So even though the product is approved in Australia, it is not subsidised. The only medical cannabinoid product that is both registered and subsidised in Australia is cannabidiol for the treatment of a rare form of childhood epilepsy.

There has been a lot of interest in CBD as a single ingredient for pain. CBD is often preferred because it does not cause the same ‘high’ and sedation as THC. However, there is not clear evidence that CBD works for pain, with few studies examining the effects of CBD alone. Those that have examined CBD as a single ingredient have not provided evidence that it works for pain.

Given researchers have conducted a large number of trials of medical cannabinoids for pain, and a large number of systematic reviews summarising the evidence, the issue is not necessarily a lack of studies, but a lack of evidence demonstrating the benefits outweigh the potential harms. 

A recent Cochrane review concluded “The potential benefits of cannabis‐based medicine in chronic neuropathic pain might be outweighed by their potential harms.” Nevertheless, it is possible that further studies conducted in specific patient populations or with specific clinical conditions may identify conditions or patient groups where the benefits are greater. 

Meanwhile, the International Association for the Study of Pain (IASP) says it views medical cannabis as an area for research, as opposed to clinical practice, while evidence accumulates. Similarly, the Faculty of Pain Medicine, a specialist medical college for the treatment of pain in Australia, says medical cannabis should not be used outside clinical trials.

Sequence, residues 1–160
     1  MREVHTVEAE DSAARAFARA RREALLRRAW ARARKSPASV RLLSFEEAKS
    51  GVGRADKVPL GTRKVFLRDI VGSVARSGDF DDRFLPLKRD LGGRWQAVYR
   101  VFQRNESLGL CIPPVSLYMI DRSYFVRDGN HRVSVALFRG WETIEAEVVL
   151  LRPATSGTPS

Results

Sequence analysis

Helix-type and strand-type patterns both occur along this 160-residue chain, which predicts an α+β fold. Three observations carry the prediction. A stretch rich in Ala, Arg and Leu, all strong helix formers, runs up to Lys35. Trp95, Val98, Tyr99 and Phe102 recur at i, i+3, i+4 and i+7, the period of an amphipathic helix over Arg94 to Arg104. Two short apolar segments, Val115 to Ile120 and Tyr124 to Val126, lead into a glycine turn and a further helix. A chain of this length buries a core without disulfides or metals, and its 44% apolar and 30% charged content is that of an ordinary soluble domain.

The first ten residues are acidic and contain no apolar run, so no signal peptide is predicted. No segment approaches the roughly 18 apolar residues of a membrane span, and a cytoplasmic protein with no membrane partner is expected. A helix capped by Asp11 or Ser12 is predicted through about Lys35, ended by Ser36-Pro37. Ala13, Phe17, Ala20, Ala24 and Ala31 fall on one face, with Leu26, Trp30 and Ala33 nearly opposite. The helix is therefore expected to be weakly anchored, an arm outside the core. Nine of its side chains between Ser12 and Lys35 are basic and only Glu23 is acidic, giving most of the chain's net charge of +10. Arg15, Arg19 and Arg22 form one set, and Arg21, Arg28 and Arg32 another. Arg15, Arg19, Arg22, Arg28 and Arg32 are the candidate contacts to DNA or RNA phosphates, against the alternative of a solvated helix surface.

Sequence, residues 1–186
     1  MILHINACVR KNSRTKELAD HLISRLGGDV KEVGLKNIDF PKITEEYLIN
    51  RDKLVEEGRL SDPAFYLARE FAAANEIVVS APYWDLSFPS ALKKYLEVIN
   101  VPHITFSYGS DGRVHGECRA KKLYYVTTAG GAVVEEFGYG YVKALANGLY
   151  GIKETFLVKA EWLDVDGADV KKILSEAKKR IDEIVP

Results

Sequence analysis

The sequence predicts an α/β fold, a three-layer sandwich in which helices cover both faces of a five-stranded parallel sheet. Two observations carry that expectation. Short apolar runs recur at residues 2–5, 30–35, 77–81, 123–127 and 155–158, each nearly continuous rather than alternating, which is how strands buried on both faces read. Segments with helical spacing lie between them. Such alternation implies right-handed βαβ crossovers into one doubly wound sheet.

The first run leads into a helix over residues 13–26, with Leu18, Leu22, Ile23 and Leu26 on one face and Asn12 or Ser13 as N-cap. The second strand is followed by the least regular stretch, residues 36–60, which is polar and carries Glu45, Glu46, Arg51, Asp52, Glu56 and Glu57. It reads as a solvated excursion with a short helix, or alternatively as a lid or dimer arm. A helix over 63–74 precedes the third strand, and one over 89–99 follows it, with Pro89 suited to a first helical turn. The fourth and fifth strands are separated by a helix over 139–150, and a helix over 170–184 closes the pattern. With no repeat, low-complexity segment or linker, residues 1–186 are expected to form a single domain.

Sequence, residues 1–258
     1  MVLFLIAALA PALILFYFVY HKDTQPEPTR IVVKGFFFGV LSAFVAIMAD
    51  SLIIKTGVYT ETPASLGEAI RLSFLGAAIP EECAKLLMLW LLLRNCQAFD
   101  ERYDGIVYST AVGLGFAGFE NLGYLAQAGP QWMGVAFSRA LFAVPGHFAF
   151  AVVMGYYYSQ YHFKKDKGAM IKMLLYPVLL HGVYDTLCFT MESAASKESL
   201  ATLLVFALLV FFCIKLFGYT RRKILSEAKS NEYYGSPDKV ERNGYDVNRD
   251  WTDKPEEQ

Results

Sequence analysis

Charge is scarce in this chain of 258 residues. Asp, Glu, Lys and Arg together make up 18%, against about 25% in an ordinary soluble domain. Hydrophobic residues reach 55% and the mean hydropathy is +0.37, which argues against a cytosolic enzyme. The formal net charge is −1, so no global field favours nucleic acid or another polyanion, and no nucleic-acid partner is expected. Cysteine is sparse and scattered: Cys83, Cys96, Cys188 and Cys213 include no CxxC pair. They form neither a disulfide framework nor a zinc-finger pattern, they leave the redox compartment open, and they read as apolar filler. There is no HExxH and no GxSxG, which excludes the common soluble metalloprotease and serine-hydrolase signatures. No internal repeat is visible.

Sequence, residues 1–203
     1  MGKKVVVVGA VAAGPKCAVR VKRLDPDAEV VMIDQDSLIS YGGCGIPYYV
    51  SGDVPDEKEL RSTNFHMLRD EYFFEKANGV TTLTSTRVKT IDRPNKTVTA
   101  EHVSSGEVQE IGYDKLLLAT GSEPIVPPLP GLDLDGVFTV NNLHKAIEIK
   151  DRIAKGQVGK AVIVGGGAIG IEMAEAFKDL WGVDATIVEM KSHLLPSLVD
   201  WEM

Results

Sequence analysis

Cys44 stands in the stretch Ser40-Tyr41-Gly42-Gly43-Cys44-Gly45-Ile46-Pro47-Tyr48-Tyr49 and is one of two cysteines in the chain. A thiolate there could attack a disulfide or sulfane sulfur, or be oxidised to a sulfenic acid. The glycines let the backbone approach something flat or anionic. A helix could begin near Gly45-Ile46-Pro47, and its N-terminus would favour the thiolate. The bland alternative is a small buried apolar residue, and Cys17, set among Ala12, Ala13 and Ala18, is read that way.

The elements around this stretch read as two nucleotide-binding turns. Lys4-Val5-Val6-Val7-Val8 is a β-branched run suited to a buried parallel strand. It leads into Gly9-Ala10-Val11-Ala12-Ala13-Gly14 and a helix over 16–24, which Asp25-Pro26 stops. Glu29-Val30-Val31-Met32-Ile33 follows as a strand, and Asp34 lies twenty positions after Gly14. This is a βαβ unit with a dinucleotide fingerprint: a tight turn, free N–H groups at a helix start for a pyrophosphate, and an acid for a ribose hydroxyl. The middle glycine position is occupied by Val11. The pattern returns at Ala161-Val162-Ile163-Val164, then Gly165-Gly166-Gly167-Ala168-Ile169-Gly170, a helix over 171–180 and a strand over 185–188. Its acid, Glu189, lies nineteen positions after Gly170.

Yet many people, having read articles in popular media, have unrealistic expectations about how well cannabinoids work for the treatment of pain. 

With time, further robust clinical trials may provide the required evidence for cannabinoids to become widely available as a registered, subsidised medicines. If that happens, it would save patients money, and provide clinicians clearer guidance about the place of medical cannabinoids in pain treatment. In the meantime, being part of a clinical trial is one way to access medical cannabis for pain and contribute to new evidence. 

Suzanne Nielsen is a professor and the deputy director of the Monash Addiction Research Centre. She has been a registered pharmacist for over 20 years, and has been involved in multiple reviews on the evidence for the use of medical cannabinoids, including independent reviews commissioned by the Therapeutic Goods Administration.

In the past, Professor Nielsen has received funds from Seqirus to study opioid-related harms, and was a named investigator on a clinical trial of a treatment for opioid dependence (no funding received), both unrelated to the current article. She is current funded through a National Health and Medical Research Council Fellowship (#1163961).

Originally published under Creative Commons by 360info™.